• At 410, if the user selects to edit the machine-readable model port mappings from the menu, then logic 256 displays an editable list of the machine-readable model port mappings through which the user performs at least one of the deleting, adding, and revising of one of more machined readable model port mappings.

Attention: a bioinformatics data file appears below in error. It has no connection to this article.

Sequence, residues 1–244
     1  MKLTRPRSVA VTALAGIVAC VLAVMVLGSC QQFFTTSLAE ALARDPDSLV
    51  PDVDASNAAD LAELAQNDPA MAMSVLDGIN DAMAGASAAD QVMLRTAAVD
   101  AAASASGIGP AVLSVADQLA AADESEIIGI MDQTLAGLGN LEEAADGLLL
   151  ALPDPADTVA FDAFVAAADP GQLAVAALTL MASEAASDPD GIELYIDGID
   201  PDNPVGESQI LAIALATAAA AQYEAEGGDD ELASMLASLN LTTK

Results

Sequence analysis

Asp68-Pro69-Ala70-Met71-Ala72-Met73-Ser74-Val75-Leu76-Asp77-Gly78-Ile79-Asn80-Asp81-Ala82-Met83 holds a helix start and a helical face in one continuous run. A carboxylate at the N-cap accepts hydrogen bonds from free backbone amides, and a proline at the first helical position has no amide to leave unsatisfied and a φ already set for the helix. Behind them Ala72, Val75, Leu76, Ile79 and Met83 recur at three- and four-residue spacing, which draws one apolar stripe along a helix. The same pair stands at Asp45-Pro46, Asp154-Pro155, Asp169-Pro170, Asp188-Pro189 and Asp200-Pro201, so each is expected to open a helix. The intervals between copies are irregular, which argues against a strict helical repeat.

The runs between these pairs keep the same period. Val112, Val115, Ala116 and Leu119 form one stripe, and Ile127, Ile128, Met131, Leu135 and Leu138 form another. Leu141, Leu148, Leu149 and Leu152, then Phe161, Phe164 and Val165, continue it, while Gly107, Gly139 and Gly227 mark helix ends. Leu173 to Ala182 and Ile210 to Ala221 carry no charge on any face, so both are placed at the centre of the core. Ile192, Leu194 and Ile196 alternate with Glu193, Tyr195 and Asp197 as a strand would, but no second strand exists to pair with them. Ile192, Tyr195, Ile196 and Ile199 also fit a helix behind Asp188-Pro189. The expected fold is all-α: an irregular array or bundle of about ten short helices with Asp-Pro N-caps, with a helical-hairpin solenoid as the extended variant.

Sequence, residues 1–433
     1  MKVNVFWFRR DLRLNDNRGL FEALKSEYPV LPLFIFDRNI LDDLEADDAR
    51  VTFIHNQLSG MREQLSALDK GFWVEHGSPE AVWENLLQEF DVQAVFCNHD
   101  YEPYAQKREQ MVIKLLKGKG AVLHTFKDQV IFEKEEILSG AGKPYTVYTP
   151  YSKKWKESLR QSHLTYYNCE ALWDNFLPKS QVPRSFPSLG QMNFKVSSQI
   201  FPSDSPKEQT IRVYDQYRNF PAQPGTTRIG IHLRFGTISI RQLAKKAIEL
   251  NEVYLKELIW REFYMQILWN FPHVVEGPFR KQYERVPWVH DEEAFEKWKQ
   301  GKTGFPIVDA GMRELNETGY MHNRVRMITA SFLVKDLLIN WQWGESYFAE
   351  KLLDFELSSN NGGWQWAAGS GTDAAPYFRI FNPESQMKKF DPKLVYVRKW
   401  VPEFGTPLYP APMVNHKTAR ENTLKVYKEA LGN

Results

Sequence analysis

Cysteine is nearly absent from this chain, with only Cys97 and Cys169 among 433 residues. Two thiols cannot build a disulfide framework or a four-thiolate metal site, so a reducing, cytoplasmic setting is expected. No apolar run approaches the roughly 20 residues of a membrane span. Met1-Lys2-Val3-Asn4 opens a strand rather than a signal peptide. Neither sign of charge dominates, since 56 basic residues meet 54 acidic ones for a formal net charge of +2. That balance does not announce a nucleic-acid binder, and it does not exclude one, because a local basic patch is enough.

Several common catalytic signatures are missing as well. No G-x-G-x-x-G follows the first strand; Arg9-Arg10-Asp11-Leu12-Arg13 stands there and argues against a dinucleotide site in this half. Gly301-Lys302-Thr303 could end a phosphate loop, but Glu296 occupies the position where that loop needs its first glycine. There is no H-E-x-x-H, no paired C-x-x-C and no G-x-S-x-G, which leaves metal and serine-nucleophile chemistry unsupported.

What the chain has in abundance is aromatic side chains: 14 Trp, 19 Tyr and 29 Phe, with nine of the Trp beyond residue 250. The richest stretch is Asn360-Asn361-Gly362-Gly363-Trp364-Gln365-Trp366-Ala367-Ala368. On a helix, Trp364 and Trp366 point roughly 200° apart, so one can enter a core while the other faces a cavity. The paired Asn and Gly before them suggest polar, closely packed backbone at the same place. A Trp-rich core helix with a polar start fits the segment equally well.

• As described above, operations 305 and 310 convert the model port mappings of a human-readable blueprint cable specification into machine-readable port mappings. An excerpt of a human-readable cable specification from a blueprint for an example FlexPod™ CI system is depicted in FIG. 5. More specifically, with reference to FIG. 5, there is an illustration of a FlexPod architecture 500 including rack-and-stack FlexPod components showing high-level cable connections between the components. A network component 502 of the FlexPod includes the following units/devices: Cisco Nexus 1010A & B and 5548A & B switch units. A compute component 504 includes the following devices: Cisco Unified Computing System (UCS) 6120 and 2140 Fabric Interconnects; a UCS 5108 Chassis; and UCS B200s and B250s server blades. A storage component 506 includes NetApp A & B units, including controllers A & B. In FIG. 5, Giga-bit Ethernet (GbE) cable connections between network, compute, and storage units 502-506 are depicted in solid line, e.g., at 510, 512, 514, and 516, although other connections are shown that are not specifically identified with a reference numeral. Also, Fibre-Channel cable connections (e.g., 4 Giga-bit-per-second (Gbps) connections) between network component 502 and storage component 506 are depicted in dotted line, e.g., at 520 and 522, although other connections are shown that are not specifically identified with a reference numeral.